First Week in San Francisco
Hi, my name is Aiden, and I’m from Boston, MA. I’m a business student at Northeastern University with a concentration in entrepreneurship, and I’ve come to San Francisco after only my first semester in college. I’ve traveled here to learn from successful entrepreneurs and grow my network outside of the east coast, but also to experience something outside of my comfort zone. It’s been my dream for years to come to the west coast, and I’ve experienced so much already.
When I first arrived in San Francisco, adrenaline was running high as I stepped foot in a massive city late at night, with block after block of homeless people as I tried to familiarize myself with this new city. Every block was vacant, with only street lights keeping me company. All I could see was a community of people that were just starting their day after everyone else’s had ended. They were pushing grocery carts with everything they own inside of them. In the alleyways, I could only see darkly lit figures smoking and talking at an unintelligible volume from where I was standing. The sidewalks were slightly damp and wet, as it seemingly always is at night even if it hadn’t rained that day. For the first time, I was in unfamiliar territory where I didn’t have a real concept of where I am or who the people around me were. That still holds true but in a much different way.
I’ve been in San Francisco for about two weeks now, and I’ve noticed a lot of things. I’ve seen interactions between working people and homeless people that I’ve never before experienced. The immediate feeling I had when I first came to San Francisco was that this city has a different attitude towards homeless people than Boston does. The first full day I spent I came to a crosswalk where two construction workers were working on a telephone pole, and as a homeless woman came by in a wheelchair they didn’t ignore her but instead had a conversation with her. They made her presence feel acknowledged, which seemed like a conscious decision on their part and made me feel like I was in a different world.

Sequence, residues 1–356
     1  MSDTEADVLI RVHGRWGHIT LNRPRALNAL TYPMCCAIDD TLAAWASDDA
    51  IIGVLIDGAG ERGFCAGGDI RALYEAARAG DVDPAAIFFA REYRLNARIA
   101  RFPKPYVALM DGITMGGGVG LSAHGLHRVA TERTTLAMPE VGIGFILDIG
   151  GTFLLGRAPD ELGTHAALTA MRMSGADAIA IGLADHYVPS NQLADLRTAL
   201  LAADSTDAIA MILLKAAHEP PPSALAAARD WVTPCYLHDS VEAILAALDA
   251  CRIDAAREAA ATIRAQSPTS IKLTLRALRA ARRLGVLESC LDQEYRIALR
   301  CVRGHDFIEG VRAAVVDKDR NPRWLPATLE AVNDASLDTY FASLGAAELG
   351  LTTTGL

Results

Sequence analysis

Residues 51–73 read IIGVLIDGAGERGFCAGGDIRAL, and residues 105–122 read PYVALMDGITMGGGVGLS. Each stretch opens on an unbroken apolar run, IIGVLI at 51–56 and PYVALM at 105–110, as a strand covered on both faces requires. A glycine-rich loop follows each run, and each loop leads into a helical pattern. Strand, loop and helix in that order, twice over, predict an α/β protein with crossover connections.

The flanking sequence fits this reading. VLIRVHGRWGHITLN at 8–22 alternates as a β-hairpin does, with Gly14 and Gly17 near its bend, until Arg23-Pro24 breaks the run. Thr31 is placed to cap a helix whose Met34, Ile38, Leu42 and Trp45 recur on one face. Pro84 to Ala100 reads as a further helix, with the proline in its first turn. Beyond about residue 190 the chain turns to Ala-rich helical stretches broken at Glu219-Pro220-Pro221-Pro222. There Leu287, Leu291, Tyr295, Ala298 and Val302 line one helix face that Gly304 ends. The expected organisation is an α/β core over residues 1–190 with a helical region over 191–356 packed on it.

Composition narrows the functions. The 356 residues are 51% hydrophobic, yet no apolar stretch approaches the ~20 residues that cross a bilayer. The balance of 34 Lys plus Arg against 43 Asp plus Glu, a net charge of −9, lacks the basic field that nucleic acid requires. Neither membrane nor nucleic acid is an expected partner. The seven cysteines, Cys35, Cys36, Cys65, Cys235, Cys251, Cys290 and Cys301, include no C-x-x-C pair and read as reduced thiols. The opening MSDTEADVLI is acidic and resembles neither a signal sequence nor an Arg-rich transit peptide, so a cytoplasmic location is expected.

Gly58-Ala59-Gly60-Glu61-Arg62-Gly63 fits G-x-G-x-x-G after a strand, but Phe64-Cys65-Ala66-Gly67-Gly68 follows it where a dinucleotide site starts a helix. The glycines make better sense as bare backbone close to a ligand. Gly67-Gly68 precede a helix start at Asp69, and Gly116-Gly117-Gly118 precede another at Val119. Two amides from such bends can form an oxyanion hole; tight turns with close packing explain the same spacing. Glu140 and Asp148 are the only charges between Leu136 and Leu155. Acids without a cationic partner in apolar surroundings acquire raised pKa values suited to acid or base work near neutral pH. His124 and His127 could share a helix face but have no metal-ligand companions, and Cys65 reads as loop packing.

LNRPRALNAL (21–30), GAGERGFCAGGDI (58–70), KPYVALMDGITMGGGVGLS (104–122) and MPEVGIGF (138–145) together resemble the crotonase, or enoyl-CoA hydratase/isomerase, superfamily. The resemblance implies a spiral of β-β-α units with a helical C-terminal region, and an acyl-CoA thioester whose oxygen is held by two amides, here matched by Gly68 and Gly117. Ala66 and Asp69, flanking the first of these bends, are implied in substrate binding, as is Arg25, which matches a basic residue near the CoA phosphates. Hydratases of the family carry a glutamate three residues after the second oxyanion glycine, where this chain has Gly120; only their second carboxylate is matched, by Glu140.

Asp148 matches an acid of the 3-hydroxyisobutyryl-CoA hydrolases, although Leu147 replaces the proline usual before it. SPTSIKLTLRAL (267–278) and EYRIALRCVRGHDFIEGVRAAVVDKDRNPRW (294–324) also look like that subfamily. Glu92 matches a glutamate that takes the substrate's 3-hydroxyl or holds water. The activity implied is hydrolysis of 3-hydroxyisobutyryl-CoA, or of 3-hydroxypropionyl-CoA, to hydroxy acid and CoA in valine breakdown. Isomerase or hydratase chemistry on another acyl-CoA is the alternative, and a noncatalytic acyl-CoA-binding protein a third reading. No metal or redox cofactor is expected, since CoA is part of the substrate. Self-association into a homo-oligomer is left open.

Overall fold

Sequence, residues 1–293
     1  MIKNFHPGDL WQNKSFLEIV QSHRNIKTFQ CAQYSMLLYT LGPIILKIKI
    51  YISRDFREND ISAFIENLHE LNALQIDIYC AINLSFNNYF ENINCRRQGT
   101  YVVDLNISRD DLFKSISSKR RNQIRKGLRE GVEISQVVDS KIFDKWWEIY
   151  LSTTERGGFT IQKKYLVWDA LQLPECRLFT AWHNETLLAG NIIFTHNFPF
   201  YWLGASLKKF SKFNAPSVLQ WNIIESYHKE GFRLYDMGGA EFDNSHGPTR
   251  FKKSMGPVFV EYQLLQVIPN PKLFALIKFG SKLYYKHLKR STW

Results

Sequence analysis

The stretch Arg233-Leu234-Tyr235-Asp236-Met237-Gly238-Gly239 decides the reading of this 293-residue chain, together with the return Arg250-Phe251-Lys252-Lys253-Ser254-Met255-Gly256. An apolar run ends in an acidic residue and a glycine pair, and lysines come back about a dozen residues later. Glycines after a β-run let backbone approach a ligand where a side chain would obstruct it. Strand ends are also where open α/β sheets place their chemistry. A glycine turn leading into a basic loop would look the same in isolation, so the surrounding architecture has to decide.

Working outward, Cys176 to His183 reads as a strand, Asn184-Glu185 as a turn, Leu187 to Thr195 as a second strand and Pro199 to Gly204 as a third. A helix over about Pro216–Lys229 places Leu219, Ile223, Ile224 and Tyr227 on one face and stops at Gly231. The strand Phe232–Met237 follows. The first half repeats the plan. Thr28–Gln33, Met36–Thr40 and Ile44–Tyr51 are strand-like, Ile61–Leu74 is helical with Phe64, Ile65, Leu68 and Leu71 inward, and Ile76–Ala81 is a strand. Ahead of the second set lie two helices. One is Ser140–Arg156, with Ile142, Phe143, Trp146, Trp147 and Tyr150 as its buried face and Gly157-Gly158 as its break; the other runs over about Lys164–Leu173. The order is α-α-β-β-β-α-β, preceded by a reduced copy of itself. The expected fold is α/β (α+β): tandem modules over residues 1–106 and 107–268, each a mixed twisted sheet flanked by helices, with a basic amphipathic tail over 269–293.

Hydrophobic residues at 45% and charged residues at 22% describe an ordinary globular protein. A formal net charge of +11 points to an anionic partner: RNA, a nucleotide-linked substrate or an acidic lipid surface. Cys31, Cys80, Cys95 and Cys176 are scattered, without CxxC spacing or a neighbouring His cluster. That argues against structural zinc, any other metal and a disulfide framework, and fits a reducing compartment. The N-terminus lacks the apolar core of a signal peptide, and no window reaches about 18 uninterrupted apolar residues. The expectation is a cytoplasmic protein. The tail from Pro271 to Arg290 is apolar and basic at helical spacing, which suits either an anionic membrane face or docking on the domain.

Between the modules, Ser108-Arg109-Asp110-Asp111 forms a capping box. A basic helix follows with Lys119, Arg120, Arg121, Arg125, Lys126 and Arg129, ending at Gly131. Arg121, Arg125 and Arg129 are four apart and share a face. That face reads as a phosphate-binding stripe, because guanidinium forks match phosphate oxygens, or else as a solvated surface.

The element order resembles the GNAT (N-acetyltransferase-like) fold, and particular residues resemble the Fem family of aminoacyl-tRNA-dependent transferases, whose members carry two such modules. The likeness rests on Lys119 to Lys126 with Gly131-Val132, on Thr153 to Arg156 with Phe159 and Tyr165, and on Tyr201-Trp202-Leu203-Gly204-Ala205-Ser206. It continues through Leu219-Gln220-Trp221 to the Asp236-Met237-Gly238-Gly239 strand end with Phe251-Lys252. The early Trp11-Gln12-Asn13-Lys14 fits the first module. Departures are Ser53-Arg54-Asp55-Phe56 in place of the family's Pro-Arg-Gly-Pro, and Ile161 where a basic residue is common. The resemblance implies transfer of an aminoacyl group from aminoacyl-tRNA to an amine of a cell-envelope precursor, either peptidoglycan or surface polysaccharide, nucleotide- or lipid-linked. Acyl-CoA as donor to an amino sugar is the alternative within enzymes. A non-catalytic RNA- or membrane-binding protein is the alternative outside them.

Although I’m still the totally lost wanderer who is heavily reliant on Google Maps and awaits his trip to the Golden Gate Bridge, I do think I’ve gained enough perspective from the past two weeks to know that the west coast is 180-degrees different from the east coast. In San Francisco, I’m finding that it’s still possible to walk down a major street and find untouched storefronts from the early 30s and 40s, and there are more restaurants to eat at than meals to eat while I’m here. Everywhere I go I’m seeing a wealth of diversity that doesn’t exist even in a city like Boston. My expectations on a daily basis from this are continuously rising, as every day brings a new challenge and environment that I’ve never before been in. By the end of my time in SF, I think I’ll come back to Boston with a new perspective in mind. I’ll be just a bit more comfortable being uncomfortable.